National Development Minister Khaw Boon Wan’s speech in Parliament on the changes of HDB resale flats has many property owners in an uproar. The rules has been changed so that HDB will only accept valuation requests from resale flat buyers or their appointed salesperson, after buyers have been granted an Option to Purchase (OTP) by the sellers.
Basically, the HDB expect the buyer and seller to come to an agreement first before going to the HDB. Also price negotiations for HDB resale flats will now be based on recent transaction prices instead of Cash-Over-Valuation (COV) figures.
Many property owners are unhappy about this as this move would probably force property prices down and Singaporeans who have recently bought their flats with the view to sell their flat for a profit after the 5 years minimum occupancy period would find that their property is not worth as much as they had hoped. I’m not a property owner so I’m on the other side of the equation.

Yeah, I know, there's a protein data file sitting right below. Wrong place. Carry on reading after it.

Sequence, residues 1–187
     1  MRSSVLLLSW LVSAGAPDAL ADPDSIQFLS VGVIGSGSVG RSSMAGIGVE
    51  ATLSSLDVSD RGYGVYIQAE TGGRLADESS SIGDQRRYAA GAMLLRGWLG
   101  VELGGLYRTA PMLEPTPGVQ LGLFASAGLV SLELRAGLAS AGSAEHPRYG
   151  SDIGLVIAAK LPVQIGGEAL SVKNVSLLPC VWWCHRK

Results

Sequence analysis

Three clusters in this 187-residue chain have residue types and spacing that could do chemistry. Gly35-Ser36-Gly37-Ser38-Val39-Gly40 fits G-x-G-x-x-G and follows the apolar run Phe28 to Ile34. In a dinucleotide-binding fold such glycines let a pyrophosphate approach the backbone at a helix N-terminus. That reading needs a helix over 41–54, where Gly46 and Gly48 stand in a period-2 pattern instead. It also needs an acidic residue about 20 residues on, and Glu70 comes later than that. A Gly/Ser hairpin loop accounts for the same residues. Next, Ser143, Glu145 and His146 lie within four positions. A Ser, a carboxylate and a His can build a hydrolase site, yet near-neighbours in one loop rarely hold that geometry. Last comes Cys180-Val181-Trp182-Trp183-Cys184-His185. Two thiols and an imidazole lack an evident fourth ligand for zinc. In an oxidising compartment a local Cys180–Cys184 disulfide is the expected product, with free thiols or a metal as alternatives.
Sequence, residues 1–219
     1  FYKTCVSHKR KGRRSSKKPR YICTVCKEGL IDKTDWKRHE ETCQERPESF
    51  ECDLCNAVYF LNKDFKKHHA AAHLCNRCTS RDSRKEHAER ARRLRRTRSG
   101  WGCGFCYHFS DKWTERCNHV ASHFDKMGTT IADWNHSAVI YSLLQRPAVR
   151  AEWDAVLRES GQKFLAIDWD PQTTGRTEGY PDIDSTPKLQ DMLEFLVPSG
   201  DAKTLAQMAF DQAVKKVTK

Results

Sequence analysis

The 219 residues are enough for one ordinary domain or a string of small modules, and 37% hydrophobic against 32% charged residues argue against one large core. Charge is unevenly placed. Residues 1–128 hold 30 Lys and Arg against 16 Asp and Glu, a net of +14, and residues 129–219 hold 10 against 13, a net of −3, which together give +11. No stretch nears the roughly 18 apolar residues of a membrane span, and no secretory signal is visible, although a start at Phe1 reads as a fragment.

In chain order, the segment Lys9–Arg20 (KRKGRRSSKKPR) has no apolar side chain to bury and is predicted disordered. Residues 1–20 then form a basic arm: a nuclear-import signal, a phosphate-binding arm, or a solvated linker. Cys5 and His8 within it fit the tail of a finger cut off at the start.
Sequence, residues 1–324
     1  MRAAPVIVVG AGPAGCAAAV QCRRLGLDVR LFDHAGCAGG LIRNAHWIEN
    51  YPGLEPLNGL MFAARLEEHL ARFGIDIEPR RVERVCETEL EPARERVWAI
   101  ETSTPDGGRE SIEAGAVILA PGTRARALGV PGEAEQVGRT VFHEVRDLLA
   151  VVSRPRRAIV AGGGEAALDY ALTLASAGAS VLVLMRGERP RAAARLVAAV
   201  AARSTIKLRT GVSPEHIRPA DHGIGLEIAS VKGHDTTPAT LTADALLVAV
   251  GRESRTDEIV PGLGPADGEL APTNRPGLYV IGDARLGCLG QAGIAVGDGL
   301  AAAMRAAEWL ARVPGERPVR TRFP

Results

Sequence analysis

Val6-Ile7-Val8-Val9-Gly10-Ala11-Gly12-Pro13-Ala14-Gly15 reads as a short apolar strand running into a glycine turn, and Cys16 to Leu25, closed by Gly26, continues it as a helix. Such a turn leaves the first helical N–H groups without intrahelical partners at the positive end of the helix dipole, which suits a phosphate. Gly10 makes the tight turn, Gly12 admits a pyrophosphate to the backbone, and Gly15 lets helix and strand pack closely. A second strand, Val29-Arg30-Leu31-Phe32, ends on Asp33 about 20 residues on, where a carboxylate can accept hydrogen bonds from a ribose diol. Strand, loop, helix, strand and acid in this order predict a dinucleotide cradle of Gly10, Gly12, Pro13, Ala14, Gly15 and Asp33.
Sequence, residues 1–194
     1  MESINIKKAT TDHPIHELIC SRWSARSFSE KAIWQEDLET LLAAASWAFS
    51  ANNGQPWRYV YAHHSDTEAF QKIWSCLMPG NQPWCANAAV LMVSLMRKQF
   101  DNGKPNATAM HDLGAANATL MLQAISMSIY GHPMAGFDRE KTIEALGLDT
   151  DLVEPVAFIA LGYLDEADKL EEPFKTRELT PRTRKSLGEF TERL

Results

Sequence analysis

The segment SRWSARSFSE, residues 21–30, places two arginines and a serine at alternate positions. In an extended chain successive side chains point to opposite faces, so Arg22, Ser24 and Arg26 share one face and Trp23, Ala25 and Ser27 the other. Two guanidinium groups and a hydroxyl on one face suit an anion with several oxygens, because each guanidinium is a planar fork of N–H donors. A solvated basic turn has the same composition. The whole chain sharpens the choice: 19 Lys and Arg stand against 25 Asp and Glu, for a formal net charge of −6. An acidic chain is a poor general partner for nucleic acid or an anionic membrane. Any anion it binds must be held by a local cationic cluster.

I’m all for this move by the Mr. Khaw. There are 2 main reasons for this;
- Property prices have remain stubbornly high despite all the cooling measures and a move like this will force it down
- Property prices have remain stubbornly high despite all the cooling measures because property owners in Singapore have the assumption that Singapore property prices will never come down.
If you bought a property to resell after 5 years, it is call an investment and there is no such thing as a sure-thing. The moment you bought a property with a view to flip it after 5 years, you are taking a risk. Don’t complain if the risk didn’t play out.
In fact, I think the moves by Mr. Khaw didn’t go far enough. Under the new rules, the buyer and seller need to request for a valuation from the HDB after coming to an agreement. That doesn’t make sense to me. I know they did this as a way to stop the prices from going down too much but why would the buyer and seller need to go to the HDB after coming to an agreement already?
To me, it seems that the HDB are trying to have it both ways. They want the price to go down but also want a way to prevent it from going down too much. Too bad they didn’t think of this when prices were going up.